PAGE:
Teaching an Attitude of Gratitude

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(New York, NY—December 1, 2014) Most children are so wrapped up in unwrapping gifts that they often forget the true spirit of the holiday season.  With that in mind and the holiday season fast approaching, parenting and child development expert Denise Daniels offers simple, yet effective ways for parents to teach young children an “attitude of gratitude,” while instilling emotional intelligence (EQ) skills needed for them to thrive in our ever-changing world.

  • Teach the spirit of giving by taking advantage of teachable moments during the holidays- It’s important to show children that the holidays are not only about receiving, but also about giving. We can teach kids compassion and empathy skills by helping others in need. Reaching out to others sends children a powerful message about giving.

o    Visit a toy store and have your child choose a toy to donate for a child of the same age.

o    Prepare a meal together and deliver it together to a homeless shelter or food bank.

o    Coat drives are a great way to provide warm clothing for those less fortunate during the winter months.

o    A holiday card has special meaning to men and women in the Armed Forces who are thousands of miles away from their families during the holiday season.  Make handmade cards and mail them together at the Post Office.  Giving as a family not only teaches children the value of giving, but that giving can be just as fun as getting!

  • Lead by example- You can teach children empathy and compassion by modeling those behaviors.

o             Bake cookies together to share with an elderly neighbor.

o Tell the people around you what makes them special and why they mean so much to you.

o             Hold a family meeting to choose a charity they would like to support

o Teach young children to say “please” and “thank-you.” For older children, writing thank-you notes shows children how to demonstrate their gratitude to the gift-giver.

  • Give your children face time– Talk with your children about the importance of giving and sharing in a meaningful way.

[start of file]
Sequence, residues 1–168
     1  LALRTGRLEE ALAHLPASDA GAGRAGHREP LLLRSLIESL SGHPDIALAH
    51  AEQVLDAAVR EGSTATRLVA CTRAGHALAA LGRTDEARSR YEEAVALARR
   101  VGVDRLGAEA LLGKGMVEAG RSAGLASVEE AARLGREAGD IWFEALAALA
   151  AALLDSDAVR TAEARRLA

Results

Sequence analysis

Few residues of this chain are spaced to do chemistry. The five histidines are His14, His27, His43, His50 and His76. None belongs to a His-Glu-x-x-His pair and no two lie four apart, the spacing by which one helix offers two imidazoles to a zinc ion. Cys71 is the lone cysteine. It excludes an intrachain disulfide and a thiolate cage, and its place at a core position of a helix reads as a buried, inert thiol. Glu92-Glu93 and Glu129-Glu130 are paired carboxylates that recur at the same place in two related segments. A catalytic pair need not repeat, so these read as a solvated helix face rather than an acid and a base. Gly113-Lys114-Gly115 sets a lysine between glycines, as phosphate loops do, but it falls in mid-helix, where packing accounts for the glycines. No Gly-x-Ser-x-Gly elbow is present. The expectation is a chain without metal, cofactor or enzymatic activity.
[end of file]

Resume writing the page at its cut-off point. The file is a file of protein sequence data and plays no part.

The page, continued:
• Share your personal stories about giving over the years. Read positive stories about giving that appear on the news or in magazines during the holiday season.
    • Family activities such as playing board games, baking cookies together and decorating your home for the holidays are all fun activities that showcase the spirit of the season and the importance of family.
    • Invite a neighbor who is alone to join your family for a meal or for some egg-nog and cookies.

Denise Daniels has a wealth of knowledge about the social and emotional development in children. She recently collaborated with the Yale Center for Emotional Intelligence to create a curriculum exclusively for The Moodsters, a new children’s brand designed to help kids learn how to understand and manage their emotions. The Moodsters, featuring five lovable characters, each depicting a different emotion teaches simple strategies to build emotional intelligence skills. This groundbreaking property is slated to launch in late 2015 and will include apps, books, toys, digital content and more.

About Denise Daniels:

Daniels is a Peabody award-winning broadcast journalist, parenting and child development expert and author who specializes in the social and emotional development of children. Her books have reached more than 15 million parents and children offering practical, simple and essential advice on how to deal with grief, loss and family transitions, as well as the everyday challenges of growing up. Denise hosted her own daily parenting show, Parents Helper, on NBC’s cable network has appeared on numerous morning and primetime TV shows including Oprah, The View and was a regular contributor on TODAY.

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